Over the last 20 or so years, it’s been a rough gig being a Terminator fan, and I say that as someone who didn’t really mind Terminator 3: Rise of the Machines all that much (beyond that, though—ooh, boy). But for this latest installment, Dark Fate, with both Linda Hamilton and James Cameron (in a producing role) coming back into the fold, and with Deadpool director Tim Miller at the helm, the results are a mostly thrilling return to form for the franchise. There are a few minor missteps in this sequel, and it feels like it's missing a bit of the “magic” of the first two Terminator films (more on that later), but as a whole, Terminator: Dark Fate gets far more right than it does wrong, and serves as a great reminder as to why we all fell in love with Sarah Connor in the first place 35 years ago.

Dark Fate follows in the footsteps of Judgment Day, where Sarah and her son John have defeated Skynet and saved the world from total annihilation. Little do they realize that there are still threats to come in the future when the story picks up in 2020, as an augmented soldier named Grace (Mackenzie Davis) falls from the sky one fateful night in Mexico City, as she’s been tasked with keeping a young woman named Dani (Natalia Reyes) safe from a Rev-9 model Terminator (Gabriel Luna) who is hot on her trail. During an attack, Grace and Dani are saved by Sarah, and they realize that if they’re going to find a way to defeat the Rev-9, they’re going to need some help from a certain T-800, played by the iconic Arnold Schwarzenegger.

While Dark Fate serves as a course correction for the Terminator series (in a very 2018 Halloween-esque sort of way, where it completely ignores everything after T2), in many ways, this latest chapter also feels like it could possibly be the final Terminator movie as well, and you know, if that were the case, it’s a strong note to go out on. Miller clearly leans into his experiences directing the quick-paced action of Deadpool to create some pretty fun whizz-bang action sequences here, and I do think both Davis and Luna make for strong adversaries here as well.

But the real reason to see Dark Fate is, of course, Hamilton, who steps back into this world with her jaded resolve and quiet confidence without missing a beat after nearly three decades. It’s not all business with Sarah either, as we get little peeks at Hamilton’s character’s dry sense of humor that ripples right beneath her gritty veneer, and her performance in Dark Fate is certainly a bright spot in the sequel that fans definitely will not want to miss out on.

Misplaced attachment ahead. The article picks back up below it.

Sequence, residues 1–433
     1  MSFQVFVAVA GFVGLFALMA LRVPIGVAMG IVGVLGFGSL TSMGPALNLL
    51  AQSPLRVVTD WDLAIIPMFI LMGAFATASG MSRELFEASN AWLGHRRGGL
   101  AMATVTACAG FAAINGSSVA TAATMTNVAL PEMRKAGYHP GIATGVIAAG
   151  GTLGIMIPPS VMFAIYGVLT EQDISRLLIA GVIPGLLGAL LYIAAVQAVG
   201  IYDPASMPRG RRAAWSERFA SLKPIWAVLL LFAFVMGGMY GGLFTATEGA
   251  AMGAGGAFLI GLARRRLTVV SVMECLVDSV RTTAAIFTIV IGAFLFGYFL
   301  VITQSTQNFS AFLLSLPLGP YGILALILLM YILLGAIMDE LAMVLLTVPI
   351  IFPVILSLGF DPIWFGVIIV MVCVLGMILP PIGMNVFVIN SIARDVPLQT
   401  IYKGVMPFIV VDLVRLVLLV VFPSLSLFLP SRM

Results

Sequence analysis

That being said, Dark Fate does have some logic issues, particularly involving a sequel we see at the start of the film that takes place in 1998 after Skynet’s obliteration in T2, that rings hollow and is totally nonsensical. And while I will admit I enjoyed seeing Schwarzenegger here (I’m a sucker for nostalgia, folks), the circumstances involving his existence are questionable at best, and there’s also some weird baggage that comes with the appearance of his character as well (saying too much would be a bit spoilery, so I don’t want to say too much more here), and shoe-horning in the line, “I won’t be back,” at a certain point almost was enough to make me giggle (in not a good way).

Also, while there’s a lot to admire about Dark Fate, I have to admit that I felt like this film was missing a real sense of suspense and emotional stakes that drove both The Terminator and Terminator 2. And maybe it’s because I’m an old biddy who had the privilege of growing up during the age when practical effects were at their peak, but the over-reliance on digital effects in Dark Fate somehow made the action feel flat at times, and certain set pieces just didn’t wow me in ways that those first two films did decades ago.

For those who would argue that Terminator 2 was the turning point where digital effects really began to push storytelling in new, ambitious directions where anything truly was possible (hello, Jurassic Park), there was still a great deal of practical effects being utilized in Judgment Day from Stan Winston and his crew, and the only reason the digital effects still work as well as they do in that film is because you could seamlessly mesh them with their mind-blowing practical creations. There is one pretty rad enhancement with the Rev-9 model Terminator, though, that I did feel was rather ingenious, and it made for a nifty (and surprising) evolution in these merciless killing machines.

Saying that Dark Fate is the best Terminator movie since T2 isn’t really saying all that much, because that bar had been set pretty low after the last two sequels. But when judged by its own merits, I still enjoyed myself while watching it, and if we never get another Terminator movie again in the future, Terminator: Dark Fate is a fantastically entertaining and satisfying note for the franchise to go out on.

Movie Score: 3.5/5

  • Heather Wixson
    About the Author - Heather Wixson

    Heather A. Wixson was born and raised in the Chicago suburbs, until she followed her dreams and moved to Los Angeles in 2009. A 14-year veteran in the world of horror entertainment journalism, Wixson fell in love with genre films at a very early age, and has spent more than a decade as a writer and supporter of preserving the history of horror and science fiction cinema. Throughout her career, Wixson has contributed to several notable websites, including Fangoria, Dread Central, Terror Tube, and FEARnet, and she currently serves as the Managing Editor for Daily Dead, which has been her home since 2013. She's also written for both Fangoria Magazine & ReMind Magazine, and her latest book project, Monsters, Makeup & Effects: Volume One will be released on October 20, 2021.